Copyright St. George News, LLC, 2013, all rights reserved.

Olivia Hansen, Oct. 28, 1999 - April 21, 2013 | Photo courtesy of Hope Clyde
Olivia Hansen, Oct. 28, 1999 – April 21, 2013 | Photo by Aubree Hegdahl, courtesy of Hope Clyde

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  • Ramona Lundquist April 25, 2013 at 7:08 pm

    After reading about these teenagers I decided to do an article in my blog about how suicide affected me and my family. There are no answers,but at the time of our loss we too were greatful to the comunity of St.George for their support.

  • Kayleah shae bennett April 25, 2013 at 8:16 pm

    I’m so very sorry for your loss and me and my family will miss her so much!
    my parents are Jetta leah (stratton)bennett and Robert sandburg bennett.
    and my brother grew up with Olivia and same with my sister. braxton is Olivias age. and every
    day i look forward and i think of you guys and how hard it must be!
    love you guys my prayers and thoughts are with you.

  • Mel T Shingleton April 25, 2013 at 9:54 pm

    So so sorry to hear of your loss, may heavenly Father bring peace to your heart’s and home.

    Mel & Bethany Shingleton

  • cmcneil April 25, 2013 at 10:49 pm

    I am at a loss for words. Someone so young with so much in front of them giving up. My heart goes out to her family.

  • Cassia April 26, 2013 at 8:47 am

    Lava Ridge- the school (where these 2 recent suicides both attended school) is not helpful with these issues. My son attends school there. He has depression issues that he has been treated for for over 3 years, sees a counselor and a psychiatrist. They really don’t want to deal with students like him. They need some training instead of telling kids “this is bull crap and shape up!” Yes, that’s what was said to my son during a depressive episode THIS WEEK at school by one of the administrators. Until they actually know how to handle students who really need help, whose families are doing all they can, etc… The students won’t turn to admin or school counselors for help.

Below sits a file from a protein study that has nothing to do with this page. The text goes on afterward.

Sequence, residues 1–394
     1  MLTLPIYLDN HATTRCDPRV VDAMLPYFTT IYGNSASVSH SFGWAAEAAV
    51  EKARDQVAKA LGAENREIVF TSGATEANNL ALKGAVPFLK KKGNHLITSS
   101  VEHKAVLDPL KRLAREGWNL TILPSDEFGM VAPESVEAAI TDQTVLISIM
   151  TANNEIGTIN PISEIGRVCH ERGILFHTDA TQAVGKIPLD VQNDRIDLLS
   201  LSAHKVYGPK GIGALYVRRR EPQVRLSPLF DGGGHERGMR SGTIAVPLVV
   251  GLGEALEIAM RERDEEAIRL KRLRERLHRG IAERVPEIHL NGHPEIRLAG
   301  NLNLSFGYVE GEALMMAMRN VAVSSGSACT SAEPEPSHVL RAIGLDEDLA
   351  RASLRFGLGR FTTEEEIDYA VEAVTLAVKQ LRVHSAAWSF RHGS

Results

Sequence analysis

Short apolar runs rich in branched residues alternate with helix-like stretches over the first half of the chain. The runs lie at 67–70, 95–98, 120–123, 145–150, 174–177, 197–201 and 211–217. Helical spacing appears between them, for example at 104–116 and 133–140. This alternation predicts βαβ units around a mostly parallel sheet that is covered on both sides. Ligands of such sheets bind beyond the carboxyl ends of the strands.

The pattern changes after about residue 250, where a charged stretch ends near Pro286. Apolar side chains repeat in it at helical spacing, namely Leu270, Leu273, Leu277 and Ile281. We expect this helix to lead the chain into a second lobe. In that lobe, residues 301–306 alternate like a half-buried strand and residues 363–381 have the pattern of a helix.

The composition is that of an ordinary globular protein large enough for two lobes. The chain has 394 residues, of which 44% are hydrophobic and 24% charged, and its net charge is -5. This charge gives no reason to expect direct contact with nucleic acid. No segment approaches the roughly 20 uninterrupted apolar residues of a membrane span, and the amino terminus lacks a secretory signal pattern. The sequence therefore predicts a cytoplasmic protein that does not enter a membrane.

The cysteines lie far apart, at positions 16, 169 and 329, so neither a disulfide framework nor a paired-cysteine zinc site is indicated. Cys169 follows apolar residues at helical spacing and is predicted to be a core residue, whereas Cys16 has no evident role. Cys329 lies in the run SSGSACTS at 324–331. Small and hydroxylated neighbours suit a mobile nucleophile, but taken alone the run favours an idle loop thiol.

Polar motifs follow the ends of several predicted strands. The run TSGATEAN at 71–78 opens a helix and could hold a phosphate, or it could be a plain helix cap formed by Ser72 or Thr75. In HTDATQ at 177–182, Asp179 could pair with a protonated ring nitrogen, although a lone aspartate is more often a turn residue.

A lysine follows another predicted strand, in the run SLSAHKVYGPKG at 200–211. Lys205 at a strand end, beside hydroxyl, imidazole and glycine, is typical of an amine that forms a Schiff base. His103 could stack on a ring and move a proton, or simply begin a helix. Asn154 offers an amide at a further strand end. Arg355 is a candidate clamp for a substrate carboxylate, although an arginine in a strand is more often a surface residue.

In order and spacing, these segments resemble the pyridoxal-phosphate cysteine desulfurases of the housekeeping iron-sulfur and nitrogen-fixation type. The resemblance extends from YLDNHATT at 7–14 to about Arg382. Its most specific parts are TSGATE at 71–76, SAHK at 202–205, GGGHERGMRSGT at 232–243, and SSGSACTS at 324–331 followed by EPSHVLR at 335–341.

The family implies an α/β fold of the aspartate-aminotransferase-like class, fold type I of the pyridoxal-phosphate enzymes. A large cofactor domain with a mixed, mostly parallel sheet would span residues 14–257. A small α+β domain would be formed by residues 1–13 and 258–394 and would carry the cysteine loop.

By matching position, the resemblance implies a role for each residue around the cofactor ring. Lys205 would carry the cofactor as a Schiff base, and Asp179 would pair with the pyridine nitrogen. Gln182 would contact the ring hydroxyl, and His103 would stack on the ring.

• Big Don April 26, 2013 at 10:43 am

    Cassia, if your son is not getting the help he needs at school, then you as his loving parent must take whatever steps are necessary to see that he does get help. I don’t believe in “coddling,” over much, but I do think there are folks who really do need the help.
    I cannot think of anything that is sadder than the suicide of a young person. And it is becoming more and more frequent as time passes. I wonder just how much of it is spawned by electronic entertainment. When I was a kid, I never heard of a suicide among my peers. We were too busy moving around a sports field, or helping out in the family business, or both. We didn’t sit for hours, watching mindless violence on TV or playing violent video games. Oh sure, we’d hit the ice cream parlor and play a few pinball games. But we didn’t have unlimited money to spend on that stuff, (and our parents made sure that we didn’t,) so it was kept within reason.
    My heart goes out to the friends and loved ones of these children.

  • Cassia April 26, 2013 at 1:01 pm

    Thanks Big Don- we are. My point is that school can become such a depressive horrid place for some…if the adults lack professionalism and call “bull crap” at someone that is having an episode- that’s not what they need!!! The kids there don’t trust the admin…Families are much more complicated than ever. School should be a safe place – but some adults have their favorites just like kids do. Obviously there is a problem at that school…

  • Bev Lowe April 28, 2013 at 12:11 am

    Thank you for a compassionate, well written article about the passing of these two girls. Maybe the discussion can begin between parents and their children to come to a greater understanding as to what is going on, before it is too late. I know first hand what suicide does to those left behind, The what ifs that are asked while you try to think if you could have made a difference in the life of someone else. Prayers to the family, friends and classmates of these girls and everyone effected by this tragedy. May we someday understand ~

  • Julie May 22, 2013 at 9:34 pm

    My son has been at Lava Ridge for 2 years now. He has has problems with being bullied both years. But we draw together as a family in the evening hours. He doesn’t spend hours on Facebook engaged in talks that would shock some adults. My son knew one of the girls. I saw their Facebooks and some of the conversations they were engaged in were so sad. … My intention is not to shame any parent….but parents NEED to be actively involved in the lives of their teens. My son is not on Facebook, instagram and the like unsupervised. If we was ever engaged in those online conversations his account would be shut down.